OLED lamps............................................                            IES LM-79-08, sections 2-9.2 *
Non-integrated LED lamps..............................                                  CIE S025, sections 4-6 *
----------------------------------------------------------------------------------------------------------------
* (incorporated by reference, see Sec.   430.3)

    3.6. Determine initial lamp efficacy by dividing the measured 
initial lumen output (lumens) by the measured initial input power 
(watts).
    3.7. Determine power factor by dividing the measured initial 
input power (watts) by the product of the measured input voltage 
(volts) and measured input current (amps).

4. Standby Mode Test Procedure

    4.1. Measure standby mode power only for lamps that are capable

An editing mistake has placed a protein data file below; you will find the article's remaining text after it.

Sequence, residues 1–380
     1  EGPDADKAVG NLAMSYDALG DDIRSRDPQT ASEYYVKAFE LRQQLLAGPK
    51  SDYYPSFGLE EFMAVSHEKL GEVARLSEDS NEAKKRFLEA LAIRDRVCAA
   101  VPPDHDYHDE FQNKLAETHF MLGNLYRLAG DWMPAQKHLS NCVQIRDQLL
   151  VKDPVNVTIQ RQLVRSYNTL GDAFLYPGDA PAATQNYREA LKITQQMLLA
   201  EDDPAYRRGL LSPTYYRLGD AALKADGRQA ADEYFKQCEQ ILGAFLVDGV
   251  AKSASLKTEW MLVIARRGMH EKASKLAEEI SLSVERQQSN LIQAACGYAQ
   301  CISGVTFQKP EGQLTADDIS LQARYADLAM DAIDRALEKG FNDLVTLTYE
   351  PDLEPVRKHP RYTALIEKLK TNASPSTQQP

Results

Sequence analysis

of standby mode operation.
    4.2. Connect the lamp to the manufacturer-specified wireless 
control network (if applicable) and configure the lamp in standby 
mode by sending a signal to the lamp instructing it to have zero 
light output. Lamp must remain connected to the network throughout 
testing.
    4.3. Operate the lamp at the rated voltage throughout testing. 
For lamps with multiple rated voltages including 120 volts, operate 
the lamp at 120 volts. If a lamp is not rated for 120 volts, operate 
the lamp at the highest rated input voltage.
    4.4. Stabilize the lamp prior to measurement as specified in 
section 5.0 of IEC 62301 (incorporated by reference; see Sec.  
430.3).
    4.5. Measure the standby mode power in watts as specified in 
section 5 of IEC 62301 (incorporated by reference; see Sec.  430.3).
[FR Doc. 2016-04551 Filed 3-16-16; 8:45 am]
BILLING CODE 6450-01-P